BELOIT — Beloit-area hotels are seeing a return to pre-pandemic revenue and guest numbers, as tourism officials say they are optimistic that visitors will continue to travel to the Stateline Area as the COVID-19 delta variant spread could force a backslide in traveler confidence.

Hotel revenue has returned to 2018 and 2019 levels, both of which were back-to-back record years for tourism in Beloit. From January to July 31, Beloit hotels generated $7.5 million in revenue, which is up from $7.1 million generated over the same time period in 2018 and about $1.2 million off of 2019 levels, according to data tracked by Visit Beloit.

“Things have been moving in a positive direction,” said Visit Beloit Executive Director Celestino Ruffini. “The pandemic still looms in the background and we are cognizant that it could impact businesses quickly, but it appears the tourism economy is headed in the right direction.”

Overall hotel occupancy rates also are up around 20 to 27% this year compared to 2020, with hotels in Beloit seeing around 60% occupancy on weekdays and up to 90% on weekends since late June, Visit Beloit data shows. In the early months of the pandemic, hotel revenue was down about 60 percent and hotel occupancy was around 23%, according to Visit Beloit data from March to May 2020.

“A lot of that is pent up demand from people who have cancelled trips and business travel increasing,” Ruffini said. “Over the year we were seeing consumer confidence coming back.”

Ruffini said a telling sign of increased tourism activity is the number of events in the Beloit area. Last weekend, Visit Beloit tracked a total of 31 events in the Beloit area compared to 11 events over Memorial Day weekend.

Home2Suites by Hilton and Hampton Inn Beloit have seen a “tremendous rebound,” said Home2Suites General Manager Roy Ward.

“While we still aren’t completely back to pre-pandemic numbers, we are leaps and bounds ahead of last year. We have had multiple sold-out nights this summer,” Ward said. “Travelers seem happy to be out again and most seem very comfortable traveling in the current climate. We’re thrilled with where our business is and our attention is fully on what’s ahead as opposed to looking back to last year. The future looks bright.”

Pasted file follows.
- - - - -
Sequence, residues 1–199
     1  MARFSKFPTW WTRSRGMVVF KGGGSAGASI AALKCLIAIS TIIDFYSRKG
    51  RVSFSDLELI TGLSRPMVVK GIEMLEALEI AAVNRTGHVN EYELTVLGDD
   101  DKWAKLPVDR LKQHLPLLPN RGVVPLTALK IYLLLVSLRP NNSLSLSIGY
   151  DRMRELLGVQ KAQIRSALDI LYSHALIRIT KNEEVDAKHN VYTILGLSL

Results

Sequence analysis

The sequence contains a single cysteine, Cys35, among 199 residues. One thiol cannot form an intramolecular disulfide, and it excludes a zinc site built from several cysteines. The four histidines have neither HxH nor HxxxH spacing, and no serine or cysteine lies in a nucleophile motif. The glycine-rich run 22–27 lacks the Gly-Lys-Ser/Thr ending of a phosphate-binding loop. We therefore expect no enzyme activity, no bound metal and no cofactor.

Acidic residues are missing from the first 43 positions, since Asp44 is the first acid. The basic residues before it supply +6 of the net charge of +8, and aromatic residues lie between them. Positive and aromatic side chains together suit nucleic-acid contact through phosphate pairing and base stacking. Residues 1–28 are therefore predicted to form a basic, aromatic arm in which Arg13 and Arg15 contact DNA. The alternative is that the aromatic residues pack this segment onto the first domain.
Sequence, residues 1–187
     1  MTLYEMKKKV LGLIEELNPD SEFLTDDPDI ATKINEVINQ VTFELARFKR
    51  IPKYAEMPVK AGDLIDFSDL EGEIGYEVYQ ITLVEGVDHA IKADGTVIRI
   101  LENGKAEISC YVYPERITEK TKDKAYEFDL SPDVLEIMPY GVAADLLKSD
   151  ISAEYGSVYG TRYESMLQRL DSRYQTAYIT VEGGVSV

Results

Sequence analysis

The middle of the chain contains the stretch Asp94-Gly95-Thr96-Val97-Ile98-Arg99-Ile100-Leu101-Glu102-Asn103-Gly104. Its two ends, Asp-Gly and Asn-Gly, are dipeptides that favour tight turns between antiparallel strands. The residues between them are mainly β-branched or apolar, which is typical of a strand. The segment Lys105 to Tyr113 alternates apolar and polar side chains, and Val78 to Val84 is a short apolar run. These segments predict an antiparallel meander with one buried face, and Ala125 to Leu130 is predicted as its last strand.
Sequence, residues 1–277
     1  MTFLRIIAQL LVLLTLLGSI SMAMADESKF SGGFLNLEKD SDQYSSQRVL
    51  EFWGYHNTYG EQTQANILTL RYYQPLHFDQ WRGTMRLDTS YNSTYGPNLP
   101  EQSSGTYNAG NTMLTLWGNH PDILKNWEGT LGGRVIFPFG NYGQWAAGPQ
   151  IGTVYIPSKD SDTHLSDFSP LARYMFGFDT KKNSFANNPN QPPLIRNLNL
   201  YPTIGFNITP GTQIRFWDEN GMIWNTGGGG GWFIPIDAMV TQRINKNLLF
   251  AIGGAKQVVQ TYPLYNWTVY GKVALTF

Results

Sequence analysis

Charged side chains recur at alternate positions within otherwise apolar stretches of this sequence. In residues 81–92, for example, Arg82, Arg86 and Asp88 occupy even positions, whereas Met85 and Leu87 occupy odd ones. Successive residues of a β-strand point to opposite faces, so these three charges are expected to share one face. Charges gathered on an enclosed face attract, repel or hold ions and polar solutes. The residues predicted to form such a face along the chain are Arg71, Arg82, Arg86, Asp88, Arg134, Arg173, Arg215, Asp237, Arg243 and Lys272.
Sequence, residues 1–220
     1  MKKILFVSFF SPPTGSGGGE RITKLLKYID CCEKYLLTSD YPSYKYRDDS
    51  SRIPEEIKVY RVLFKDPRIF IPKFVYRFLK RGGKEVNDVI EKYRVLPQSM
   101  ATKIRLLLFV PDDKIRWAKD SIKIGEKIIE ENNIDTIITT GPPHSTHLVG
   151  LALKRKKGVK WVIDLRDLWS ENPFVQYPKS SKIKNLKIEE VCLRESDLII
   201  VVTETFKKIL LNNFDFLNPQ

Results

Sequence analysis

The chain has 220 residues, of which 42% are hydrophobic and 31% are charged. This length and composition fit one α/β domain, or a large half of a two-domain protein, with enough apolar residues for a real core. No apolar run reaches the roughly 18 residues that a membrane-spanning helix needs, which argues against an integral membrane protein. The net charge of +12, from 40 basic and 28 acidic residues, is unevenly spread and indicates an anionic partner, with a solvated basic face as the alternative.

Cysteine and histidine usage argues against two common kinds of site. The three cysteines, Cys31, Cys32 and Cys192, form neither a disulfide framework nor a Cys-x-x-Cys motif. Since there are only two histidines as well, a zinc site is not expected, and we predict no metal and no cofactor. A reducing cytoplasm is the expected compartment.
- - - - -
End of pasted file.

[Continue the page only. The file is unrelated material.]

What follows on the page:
Stephanie Ashley-Hoppe, Geronimo Hospitality general manager at Beloit’s Ironworks Hotel and Hotel Goodwin, said both leisure and business travel have been increasing in Beloit “in the last few months.”

“We continue to see people looking for new places to explore and experience and Beloit has become more of a destination in the last 16 months than previous years,” Ashley-Hoppe said. “We are optimistic that corporate travel will continue to increase and that the new markets of guests we have discovered will return again—keeping weekend and leisure occupancy high.”

Both Ward and Ashley-Hoppe said staffing levels still had not yet returned to pre-pandemic levels. Fewer people are also seeking hospitality jobs currently, Ward said.

“We are finding it difficult to fill job vacancies,” Ward added. “We have had quite a bit of luck with referrals from our current employees and we are thankful for that because we have very few applications come into the hotel. We used to get at least 20 or more applications every month. Now I’d say we’re lucky to receive five. We have increased our starting wages, but it’s hard to hire someone who isn’t applying.”

But nationally, consumer confidence has fallen regarding travel as COVID-19 transmission fueled by the delta variant seems to be eroding gains made in the tourism industry in 2021.

Since June 8, travel optimism has fallen over 40 percentage points, reaching a year-to-date low of 20.4%. Instead, over half of American travelers now expect the pandemic to get worse in the United States over the next month. Americans feeling pre-pandemic normalcy has tumbled another 7 percentage points to 25.3%, after reaching 42.7% a month ago, according to a study conducted by Destination Analysts, a market research firm focused on tourism.

“Nationally, the story is a bit different and people are still concerned about their health,” Ruffini said. “While the situation in Beloit continues to be optimistic, we are definitely on the edge of our seats watching everything.”

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